Grounding for ac systems and equipment must conform completely to NEC requirements. Also, if the electrical or electronic equipment has been tested and listed by an NRTL (Nationally Recognized Testing Laboratory, such as UL), then there may be additional or special grounding/bonding requirements which must also be met if proper operation is to be obtained.
Again, any use of a “dedicated”, “clean” or other non-NEC allowed connection, such as one which is separated from the building’s service grounding electrode and the associated equipment grounding conductor system, is totally against the intent of this article. Only grounding systems and connections which meet National Electrical Code requirements are suitable.
Special care must be used to assure proper grounding if NEC permitted isolated grounding is specified. “Isolated/Insulated grounding” (IG) must be per NEC Section 250-74; Connecting Receptacle Terminal to Box; exception No. 4; and Section 250- 75, Bonding Other Enclosures for field wired (e.g., direct) branch circuit connections to electronic equipment.
In particular, no attempt must be made during or after installation to separate the electronic system’s equipment grounding conductors from the ac power system’s equipment grounding conductors and its associated earth electrode grounding connections.
Such separations would violate the NEC and produce potential electrical fire and shock hazards. They would also be likely to damage circuits inside the related electronic equipment, or to at least degrade the operation of it.
Note that the use of the IG method even if it follows NEC requirements, does not always improve the performance of equipment. In fact, the use of the IG wiring method is just as likely to make things worse or to result in no observable change to the operation of the equipment.
There is usually no way to predict the benefits if any, of isolated ground circuits except by direct observation and comparison between solid grounding (SG) and IG methods in each case.
It is relatively easy to convert existing IG circuits to SG circuits on an as-needed basis. On the other hand, it is generally both impractical and not cost effective to convert an existing SG circuit to an IG style that conforms to NEC requirements.
Accordingly, circuits used to supply power to electronic equipment can be designed and first installed as IG types, so that they may later be converted back and forth between IG and SG as needed.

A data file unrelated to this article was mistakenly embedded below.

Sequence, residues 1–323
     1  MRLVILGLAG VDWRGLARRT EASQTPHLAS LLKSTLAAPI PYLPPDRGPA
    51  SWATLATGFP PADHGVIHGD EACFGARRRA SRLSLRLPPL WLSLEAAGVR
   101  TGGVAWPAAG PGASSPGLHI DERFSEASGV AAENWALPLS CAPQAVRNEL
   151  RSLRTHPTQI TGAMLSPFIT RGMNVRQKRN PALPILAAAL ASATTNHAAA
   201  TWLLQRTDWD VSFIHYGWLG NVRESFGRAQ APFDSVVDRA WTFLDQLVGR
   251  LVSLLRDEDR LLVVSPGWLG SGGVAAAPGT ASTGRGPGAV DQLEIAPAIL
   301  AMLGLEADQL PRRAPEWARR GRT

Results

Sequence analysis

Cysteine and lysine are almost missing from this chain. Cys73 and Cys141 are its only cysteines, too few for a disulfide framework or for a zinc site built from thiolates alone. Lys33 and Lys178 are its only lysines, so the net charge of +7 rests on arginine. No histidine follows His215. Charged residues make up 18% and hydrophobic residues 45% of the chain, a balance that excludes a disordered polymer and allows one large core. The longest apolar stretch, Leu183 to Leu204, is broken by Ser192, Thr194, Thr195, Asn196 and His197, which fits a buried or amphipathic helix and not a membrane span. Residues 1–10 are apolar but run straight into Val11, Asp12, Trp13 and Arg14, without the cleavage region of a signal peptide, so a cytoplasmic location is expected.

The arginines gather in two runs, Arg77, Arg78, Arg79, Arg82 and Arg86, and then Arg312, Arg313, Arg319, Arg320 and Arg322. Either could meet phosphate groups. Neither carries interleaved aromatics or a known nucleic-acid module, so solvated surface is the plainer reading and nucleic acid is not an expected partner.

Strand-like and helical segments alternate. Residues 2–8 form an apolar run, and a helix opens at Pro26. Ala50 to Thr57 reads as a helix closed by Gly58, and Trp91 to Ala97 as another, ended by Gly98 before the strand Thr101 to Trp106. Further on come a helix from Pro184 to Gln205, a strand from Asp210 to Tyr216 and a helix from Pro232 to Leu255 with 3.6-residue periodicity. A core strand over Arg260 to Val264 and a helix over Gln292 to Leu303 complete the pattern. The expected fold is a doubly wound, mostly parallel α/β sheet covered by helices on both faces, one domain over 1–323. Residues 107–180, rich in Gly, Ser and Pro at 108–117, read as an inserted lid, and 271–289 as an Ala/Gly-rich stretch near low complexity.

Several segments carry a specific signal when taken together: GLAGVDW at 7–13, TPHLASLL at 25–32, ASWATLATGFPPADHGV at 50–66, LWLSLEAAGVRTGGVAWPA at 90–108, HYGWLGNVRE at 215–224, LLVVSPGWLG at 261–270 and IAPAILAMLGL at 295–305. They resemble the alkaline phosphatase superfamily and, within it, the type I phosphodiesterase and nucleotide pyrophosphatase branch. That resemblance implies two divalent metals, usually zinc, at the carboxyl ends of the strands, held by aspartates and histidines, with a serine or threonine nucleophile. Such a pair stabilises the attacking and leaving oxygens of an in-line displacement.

The equipment grounding conductors in a feeder or branch circuit must always be routed within the same conduit or raceway containing that circuit’s associated power circuit conductors. This also applies to flexible cord and cable assemblies.
Where transfer switches (including those found in UPS systems) are used, the possibility of common mode noise is not removed. Proper grounding between alternate sources of power is required, usually by solid interconnection of the two system’s neutrals, but with only one of the two ac systems being the one with the neutral grounded.
Unless the two involved ac systems are installed physically adjacent to one another, a ground potential shift disturbance may occur during transfer operations on the switch. This shift in ground potential can then unwantedly introduce common-mode noise into the load being served by the switch.
Ground potential-shift problems and common-mode noise problems in general are avoidedan isolation transformer is installed adjacent to the served loads and is positioned between the output of a transfer switch and the input of the served electronic loads.
In these cases the neutral terminal on the secondary of the isolation transformer is solidly grounded and both the transformer and electronic load equipment are made common to one another for broadband grounding purposes, if they are also connected to an SRG that has been installed in the equipment room and just beneath the equipment
More than one isolation transformer may be used in the above manner if the site is large. For example, multiple isolation transformers installed and grounded to an SRG in an equipment room are a recommended practice for larger sites.
Also, multiple, separated, but SRG equipped rooms may each be provided with its own isolation transformer and grounded as above.
Specially designed, “original” forms of grounding which are not in literal compliance with NEC requirements are not recommended. This includes approaches to grounding called “clean”, “dedicated”, “single point” and other forms of “isolated” grounding not permitted by the NEC.
The authors are aware of instances where all grounds are initially properly connected together with a jumper which the owner or operator can later remove at his discretion. Since removal of this connection creates both an NEC violation and fire/shock safety hazard, the authors do not recommend this approach!